Posted On: February 13th, 2019 | Posted By: miketrial

The original Star Trek series was on TV when I was in college, and my girlfriend and I, and my roommates and their girlfriends regularly watched it (yes it was difficult for all six of us to see the 19” black and white TV set we had at the time.) We invariably commented on how laughably crude the sets were and how inept much of the acting was, but we would always be there the following week to watch the next episode.

The reason was that, beneath the TV simplicity, some interesting literary themes were being explored.

A memorable episode aired March 14, 1969, titled “All Our Yesterdays.” It’s best feature was a subplot concerning love, loss, and loneliness between characters played by Leonard Nimoy and Mariette Hartley (that’s her in the picture.) To save a life, Zarabeth (played by Hartley) must give up the man she loves and condemn herself to a life of loneliness.

The script, originally titled “A Handful of Dust’ was written by a reference librarian at UCLA named Jean Lisette Aroeste. She had two Star Trek scripts produced, edited an academic reference manual, then disappeared from the literary world. I have often wondered what she was like and why she stopped writing; her treatment of loneliness in this Star Trek script was actually rather profound.

Reminiscing about that ancient Star Trek show started me writing a story about an American girl named Evie Summers, who experiences a completely different, but equally crushing, kind of loneliness. Don’t ask me what the connection is between an old Star Trek episode and a story about an American girl in Japan — I don’t know. My subconscious works in strange ways.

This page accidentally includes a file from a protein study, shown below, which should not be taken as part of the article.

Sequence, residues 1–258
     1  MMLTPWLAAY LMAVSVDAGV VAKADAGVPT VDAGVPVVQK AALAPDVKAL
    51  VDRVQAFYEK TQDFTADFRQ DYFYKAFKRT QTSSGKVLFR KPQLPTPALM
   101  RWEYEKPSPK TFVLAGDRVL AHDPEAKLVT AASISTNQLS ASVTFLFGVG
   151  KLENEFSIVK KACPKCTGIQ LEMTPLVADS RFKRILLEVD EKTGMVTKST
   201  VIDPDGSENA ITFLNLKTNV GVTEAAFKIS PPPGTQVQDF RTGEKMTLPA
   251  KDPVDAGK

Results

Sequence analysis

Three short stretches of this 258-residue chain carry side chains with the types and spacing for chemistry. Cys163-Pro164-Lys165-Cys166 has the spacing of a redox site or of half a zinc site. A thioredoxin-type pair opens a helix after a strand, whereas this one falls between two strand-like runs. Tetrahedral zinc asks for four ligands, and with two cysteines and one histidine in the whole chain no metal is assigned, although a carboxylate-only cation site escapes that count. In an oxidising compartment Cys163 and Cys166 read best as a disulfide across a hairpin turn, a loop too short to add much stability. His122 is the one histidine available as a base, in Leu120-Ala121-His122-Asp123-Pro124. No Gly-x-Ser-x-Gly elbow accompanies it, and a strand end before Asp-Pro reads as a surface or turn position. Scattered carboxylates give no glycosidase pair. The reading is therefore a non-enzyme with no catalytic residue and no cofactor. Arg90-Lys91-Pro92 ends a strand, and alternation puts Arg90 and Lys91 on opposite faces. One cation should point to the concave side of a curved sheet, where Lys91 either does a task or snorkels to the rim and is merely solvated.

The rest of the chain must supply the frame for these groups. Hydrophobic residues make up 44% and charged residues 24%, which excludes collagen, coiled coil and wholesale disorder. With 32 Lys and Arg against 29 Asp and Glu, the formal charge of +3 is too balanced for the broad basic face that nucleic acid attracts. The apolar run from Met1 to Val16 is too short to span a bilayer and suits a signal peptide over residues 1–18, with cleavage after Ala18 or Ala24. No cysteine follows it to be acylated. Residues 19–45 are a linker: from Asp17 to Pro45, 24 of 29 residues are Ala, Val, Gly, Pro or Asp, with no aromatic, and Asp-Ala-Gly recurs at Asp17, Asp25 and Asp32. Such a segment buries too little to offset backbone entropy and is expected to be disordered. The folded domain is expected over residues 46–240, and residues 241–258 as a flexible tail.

In my story “Between Two Worlds” Evie has grown up a solitary, but self-sufficient child on a small apple farm in 1930s Washington State. She marries a Japanese man just before Pearl Harbor and returns to Japan with him. And then of course, she is trapped in Japan throughout WWII. After the war ends, she finds she really doesn’t want to go back to an America she no longer knows. She is no longer American, but she’s not quite Japanese either. The story is titled “Between Two Worlds” and is scheduled to be in print this spring.

Finding the inner resources to cope with loneliness is also an important theme in the life and writings of Anne Brontë, the youngest and least well-known of the three Brontë sisters. I will be presenting a discussion of the novels and poetry of Anne Brontë at the University of Missouri OSHER Lifelong Learning Center. I recently re-read both Anne Brontë novels, her poetry, and her Gondol stories, and in all of them I find a sense of the author as a lonely, quiet, but self-sufficient person.

I’ll be discussing Anne Brontë more in my next blog post.